It seems that moms just can't do anything right anymore, even when they're trying to express their love for their children. Joining a growing list of celebs who have come under fire for the very same reason, Olivia Wilde was recently shamed for kissing her son on the lips in an Instagram post and accused of damaging him by doing so. Despite this being a fairly common way of showing affection for little ones, many people still get seriously upset when they see that kind of display of affection.
Arguments for and against kissing children on the lips have been raging for years. The advent of social media seems to have agitated the issue and thrust those celebrities who choose to do so into the spotlight. As such, Wilde's innocuous post managed to spark quite the controversy because, well, she's a mom on the internet and therefore judgement was inevitable.
Early comments on the post sexualized the kiss and suggested that Wilde was putting her son, Otis Alexander Sudeikis, at medical and psychological risk. One commenter claimed that she was going to give him "mouth AIDS" — um, OK. Another just claimed that was wrong, saying, "Kissing your kid like your husband. It's not good for him."
One particularly confident user claimed to be a child psychologist and stated that this kind of kiss would confuse the child into thinking that Wilde had the same feelings for him that she does for her husband. Fortunately, most of the following comments on the post called out the shamers and expressed their solidarity with Wilde. One such commenter said:
Love is what creates compassionate, humble, caring and emotionally intelligent humans. I know you don’t need to hear this as your own heart knows this to be true, but I want to share my human support and say keep loving your child just exactly the way you are.
My personal favorite refutation of the hateful comments was this sassy little ditty that came chock full of sarcasm:
While we're on the topic, it's worth noting that hugging is a practice best avoided as well. It's seriously inappropriate because there are boobs, and the boobs might touch your kid, and then everything descends into incestual chaos. If you'd like your kids to be well adjusted and emotionally healthy, it's best to say goodnight with a hearty, solid handshake.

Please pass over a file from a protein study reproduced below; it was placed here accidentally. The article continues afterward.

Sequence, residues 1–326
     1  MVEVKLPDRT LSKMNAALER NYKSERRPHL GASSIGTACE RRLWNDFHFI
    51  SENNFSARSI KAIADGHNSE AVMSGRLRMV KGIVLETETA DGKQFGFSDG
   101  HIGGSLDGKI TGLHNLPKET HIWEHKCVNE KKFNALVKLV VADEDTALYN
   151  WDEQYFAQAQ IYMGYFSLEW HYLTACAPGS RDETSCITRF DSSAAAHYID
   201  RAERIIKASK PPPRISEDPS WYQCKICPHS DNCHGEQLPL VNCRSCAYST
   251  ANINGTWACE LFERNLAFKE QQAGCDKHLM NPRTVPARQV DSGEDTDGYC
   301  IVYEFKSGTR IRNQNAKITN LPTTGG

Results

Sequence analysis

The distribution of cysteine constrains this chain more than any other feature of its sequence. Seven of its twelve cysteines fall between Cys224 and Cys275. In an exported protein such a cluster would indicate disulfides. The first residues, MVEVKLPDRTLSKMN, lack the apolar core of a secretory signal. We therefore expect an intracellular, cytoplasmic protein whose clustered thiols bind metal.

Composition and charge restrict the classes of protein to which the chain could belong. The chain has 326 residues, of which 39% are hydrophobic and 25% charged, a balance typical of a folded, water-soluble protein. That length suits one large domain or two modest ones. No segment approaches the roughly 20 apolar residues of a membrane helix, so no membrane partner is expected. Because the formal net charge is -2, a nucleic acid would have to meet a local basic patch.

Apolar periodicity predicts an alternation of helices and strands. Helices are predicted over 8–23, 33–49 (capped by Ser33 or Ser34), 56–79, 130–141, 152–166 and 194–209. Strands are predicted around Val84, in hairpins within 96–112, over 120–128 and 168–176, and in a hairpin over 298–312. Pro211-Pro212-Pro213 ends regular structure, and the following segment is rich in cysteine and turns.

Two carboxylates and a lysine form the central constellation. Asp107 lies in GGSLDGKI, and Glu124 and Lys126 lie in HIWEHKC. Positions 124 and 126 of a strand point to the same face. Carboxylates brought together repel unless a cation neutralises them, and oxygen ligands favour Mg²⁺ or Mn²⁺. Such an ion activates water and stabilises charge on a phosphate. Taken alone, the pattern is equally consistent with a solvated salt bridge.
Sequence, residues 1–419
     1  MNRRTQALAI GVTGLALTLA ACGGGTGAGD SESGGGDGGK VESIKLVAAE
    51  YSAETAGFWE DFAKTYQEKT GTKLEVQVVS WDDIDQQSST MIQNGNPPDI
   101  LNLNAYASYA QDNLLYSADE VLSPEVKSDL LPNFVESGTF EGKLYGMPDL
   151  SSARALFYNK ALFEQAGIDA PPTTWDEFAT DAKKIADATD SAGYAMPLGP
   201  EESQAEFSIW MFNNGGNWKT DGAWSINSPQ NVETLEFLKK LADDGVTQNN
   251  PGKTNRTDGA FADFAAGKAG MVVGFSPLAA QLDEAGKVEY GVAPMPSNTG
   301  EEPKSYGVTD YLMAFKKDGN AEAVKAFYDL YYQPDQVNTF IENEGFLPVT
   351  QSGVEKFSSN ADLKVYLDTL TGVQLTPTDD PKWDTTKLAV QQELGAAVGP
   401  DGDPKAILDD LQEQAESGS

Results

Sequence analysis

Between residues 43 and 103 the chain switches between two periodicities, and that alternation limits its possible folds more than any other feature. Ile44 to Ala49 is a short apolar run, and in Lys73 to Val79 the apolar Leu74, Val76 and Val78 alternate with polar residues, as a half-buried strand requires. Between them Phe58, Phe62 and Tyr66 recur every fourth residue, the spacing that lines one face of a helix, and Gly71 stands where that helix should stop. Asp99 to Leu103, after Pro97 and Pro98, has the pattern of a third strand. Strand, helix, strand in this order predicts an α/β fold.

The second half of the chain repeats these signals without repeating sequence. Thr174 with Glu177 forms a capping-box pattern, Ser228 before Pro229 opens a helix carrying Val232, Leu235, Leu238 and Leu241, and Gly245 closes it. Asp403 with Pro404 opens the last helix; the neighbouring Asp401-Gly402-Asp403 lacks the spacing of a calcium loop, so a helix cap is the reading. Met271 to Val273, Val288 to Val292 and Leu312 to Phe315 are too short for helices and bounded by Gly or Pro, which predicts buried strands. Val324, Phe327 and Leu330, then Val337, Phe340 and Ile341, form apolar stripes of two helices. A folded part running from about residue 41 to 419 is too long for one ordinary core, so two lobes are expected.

As stated earlier, Wilde isn't the only celebrity to make a statement by kissing her child. David and Victoria Beckham have both been caught in the crossfires of this ongoing debate after posting photos of sweet smooches with their 5-year-old daughter Harper.
Similarly, Jessica Alba has been a vocal proponent of kissing children on the lips since finding herself in a similar situation as Wilde and the Beckhams. She gave an in-depth interview on the topic with Redbook and said that she doesn't understand the outrage. "Really?! Why?! It’s your baby. People allow dogs to lick at their mouths," she told the magazine.
Hilary Duff has also spoken out about this particularly nasty form of shaming after she posted a photo of herself and her son Luca Comrie sharing a sweet moment at Disney. When she received comments comparable to those on Wilde's photo, according to Us Weekly, Duff clapped back:
For anyone commenting that a kiss on the lips with my four year old is "inappropriate" go ahead and click a quick unfollow with your warped minds and judgment.
Prompted by these many celebrity stories, numerous experts have stated that this form of expression is perfectly fine. Dr. Alan Manevitz, a clinical psychiatrist at Lenox Hill Hospital in New York City, spoke with Live Science following Victoria Beckham's controversy and said that he sees no issue with it, regardless of whether some people find it a bit odd.
In fact, Manevitz told Live Science that intimacy between parents and their children is good for child development, explaining that "intimacy," here, refers to displays of affection such as holding, hugging, tickling, or — ahem — kissing a child.
Another expert, Dr. Gail Saltz, a clinical associate professor of psychiatry at the Weill-Cornell School of Medicine, also weighed in on Beckham's experience — and kissing in general — in an interview with CNN. She said that the negative reactions to these kinds of photos are ironic, given our culture's tendency to promote over-sexualization. She also emphasized the importance of intimacy between parents and children, but suggested that the form that intimacy takes should be dictated by the child. According to CNN, she explained:
A good guide is to let your child set the tone. When children are young, they may want those kisses on the lips, but their attitudes may change as they become teenagers, so follow their lead.
Rather than be shocked by the photos, Saltz was most concerned with the mom-shaming that they brought on. "Moms already have plenty of guilt of their own to deal with," she told CNN. "The 'mom police' is not very useful."
Like Saltz, I, too, am much more concerned about the seemingly endless mom-shaming than I am about the healthy relationships that these parents share with their children. In a world where most of us could use a few more hugs and kisses, please lay off of parents who are just trying to share their love with their little ones. It's none of our business anyway, TBH.
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